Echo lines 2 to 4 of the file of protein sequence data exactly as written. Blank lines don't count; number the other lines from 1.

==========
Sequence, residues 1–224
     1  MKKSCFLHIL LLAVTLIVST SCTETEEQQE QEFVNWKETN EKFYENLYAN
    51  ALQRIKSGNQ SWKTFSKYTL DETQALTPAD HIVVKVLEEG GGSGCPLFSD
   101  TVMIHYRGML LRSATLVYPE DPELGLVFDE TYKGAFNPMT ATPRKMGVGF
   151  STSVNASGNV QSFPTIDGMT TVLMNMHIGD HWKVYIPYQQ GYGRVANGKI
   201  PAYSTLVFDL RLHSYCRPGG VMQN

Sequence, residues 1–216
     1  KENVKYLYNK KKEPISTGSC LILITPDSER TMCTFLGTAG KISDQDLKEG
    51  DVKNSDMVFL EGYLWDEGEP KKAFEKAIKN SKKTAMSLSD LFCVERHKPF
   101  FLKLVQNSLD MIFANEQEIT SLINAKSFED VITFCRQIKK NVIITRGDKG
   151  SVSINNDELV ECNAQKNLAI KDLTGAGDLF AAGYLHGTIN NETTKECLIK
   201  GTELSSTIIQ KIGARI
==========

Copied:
     1  MKKSCFLHIL LLAVTLIVST SCTETEEQQE QEFVNWKETN EKFYENLYAN
    51  ALQRIKSGNQ SWKTFSKYTL DETQALTPAD HIVVKVLEEG GGSGCPLFSD
   101  TVMIHYRGML LRSATLVYPE DPELGLVFDE TYKGAFNPMT ATPRKMGVGF